Bartender Gabe Flegel pours a beer at Geaghan's Pub and Craft Brewery of Bangor in February 2020, before early pandemic restrictions limited business. Credit: Nick Sambides Jr. / BDN

Maine’s craft brewers are on the road to recovery following early pandemic restrictions, including taproom closures, curbside-only service and a switch to take-out canned beer.

Eighteen new craft breweries opened in the state since the pandemic took hold in early 2020, while only three closed and one other was sold, Sean Sullivan, executive director of the Maine Brewers’ Guild, said. The guild will host its sixth New England Craft Brew Summit in Portland on Thursday, with a pre-event to showcase 11 new brewers at the Thirsty Pig in the Old Port on Wednesday evening.

About 43 percent of Maine craft brewers reported business was better than expected in 2021, a recent guild survey found, with 87 percent saying they are optimistic about the future. It contrasts with most craft brewers seeing sales drop 50 percent or more in April 2020, with breweries brewing less and spending more money on selling canned beer to go.

Those numbers bode well for an industry expecting to see strong business during the 2022 tourism season. Many breweries are also benefiting from changes made in the early part of the pandemic, including opening outdoor spaces and getting restaurant licenses, giving them a more relaxed atmosphere.

“I’ve been impressed and encouraged by how many breweries are still up and running,” Sullivan said. “But I think we’re at a critical juncture right now because the goodwill to support local businesses has waned a little bit.”

Sean Sullivan, executive director of the Maine Brewers’ Guild, at the annual New England Craft Brew Summit in Portland on in 2018. This year’s event is expected to draw more than 450 brewers from around the country. Credit: Lori Valigra / BDN

Brewers are optimistic about this summer, he said, pointing to a survey last fall that found 44 percent of tourists visited a brewpub or brewery, more than double the percentage in 2018. Visiting breweries ranked second behind eating lobster, which Sullivan called “huge” for the industry.

Craft brewers are a significant contributor to Maine’s economy, with $260.7 million in economic impact to the state in 2020 and employing nearly 2,400 people. There were 165 active licensed brewers in the state this year, some with multiple licenses or locations, up from 155 in 2020, according to a 2020 report by the Maine Brewers’ Guild and the University of Maine.

Maine ranked 19th nationwide with 136 craft breweries as of 2020, according to the Brewers Association, a national group based in Colorado. The state ranked second in having almost 13 breweries per 100,000 adults 21 or older.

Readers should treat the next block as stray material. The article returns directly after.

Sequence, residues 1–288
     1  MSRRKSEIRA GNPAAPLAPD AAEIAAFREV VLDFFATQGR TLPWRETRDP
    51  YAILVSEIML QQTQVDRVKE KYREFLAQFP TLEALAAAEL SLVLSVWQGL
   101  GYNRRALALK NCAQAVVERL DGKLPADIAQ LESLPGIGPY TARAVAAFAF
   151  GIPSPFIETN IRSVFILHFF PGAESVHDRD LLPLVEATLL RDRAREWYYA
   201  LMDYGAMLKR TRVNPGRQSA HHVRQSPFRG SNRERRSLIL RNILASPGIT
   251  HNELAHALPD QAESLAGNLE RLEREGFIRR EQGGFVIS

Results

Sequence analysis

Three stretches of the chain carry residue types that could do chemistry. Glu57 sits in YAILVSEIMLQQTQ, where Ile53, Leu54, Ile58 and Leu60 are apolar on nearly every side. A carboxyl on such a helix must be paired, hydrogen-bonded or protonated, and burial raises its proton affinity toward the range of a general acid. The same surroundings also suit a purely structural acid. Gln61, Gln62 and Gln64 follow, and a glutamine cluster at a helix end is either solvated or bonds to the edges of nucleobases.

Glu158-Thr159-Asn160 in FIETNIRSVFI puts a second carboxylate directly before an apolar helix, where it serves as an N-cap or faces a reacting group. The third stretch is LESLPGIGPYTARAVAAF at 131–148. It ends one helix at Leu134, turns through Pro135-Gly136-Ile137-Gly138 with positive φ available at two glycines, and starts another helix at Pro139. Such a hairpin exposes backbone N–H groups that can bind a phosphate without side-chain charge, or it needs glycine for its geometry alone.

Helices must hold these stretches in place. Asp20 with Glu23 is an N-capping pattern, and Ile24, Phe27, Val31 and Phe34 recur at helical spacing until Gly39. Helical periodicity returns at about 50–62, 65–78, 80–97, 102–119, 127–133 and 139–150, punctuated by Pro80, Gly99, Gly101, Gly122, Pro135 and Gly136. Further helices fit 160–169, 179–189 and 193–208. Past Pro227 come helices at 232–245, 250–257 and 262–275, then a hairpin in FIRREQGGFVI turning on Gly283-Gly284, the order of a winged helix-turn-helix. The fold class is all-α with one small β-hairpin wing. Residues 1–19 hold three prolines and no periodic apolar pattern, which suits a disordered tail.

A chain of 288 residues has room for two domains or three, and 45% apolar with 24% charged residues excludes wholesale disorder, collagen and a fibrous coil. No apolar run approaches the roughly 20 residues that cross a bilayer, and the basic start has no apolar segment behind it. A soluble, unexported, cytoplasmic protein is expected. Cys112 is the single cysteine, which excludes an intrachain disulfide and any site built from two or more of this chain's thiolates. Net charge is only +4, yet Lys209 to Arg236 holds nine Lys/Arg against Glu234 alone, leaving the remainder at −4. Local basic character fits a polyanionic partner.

The New England Craft Brew Summit, the largest craft beer conference in New England, is expected to draw more than 450 brewers from all over the country under the theme of “standing out in a crowded marketplace.”

Dan Kleban, a co-owner of the Maine Beer Co., in the company’s tasting room in Freeport in this May 7, 2015, file photo. Maine Beer was one of the nation’s first nanobreweries. Credit: Robert F. Bukaty / AP

Maine Beer Co. co-founder Dan Kleban will give the keynote address about his company’s growth. Gov. Janet Mills also will speak and plans to thank brewers for adapting during the pandemic.

“As someone who has enjoyed a Maine craft beer or two, I want to express how proud I am of each of you — not only for adapting and innovating in countless ways to survive this pandemic, but for putting people to work in rewarding jobs and delivering a high-quality product that puts our state on the map,” Mills said in a prepared statement before the event.

The summit, last held in early 2020, will include business sessions on lab testing beer, handling wastewater, low- and no-alcohol beers, safety in the brewery and accounting for breweries. For the first time, it will hold sessions on supporting mental health in the craft beer industry and effective intervention to stop harassment and bias.

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Lori Valigra

Lori Valigra, senior reporter for economy and business, holds an M.S. in journalism from Boston University. She was a Knight journalism fellow at M.I.T. and has extensive international reporting experience...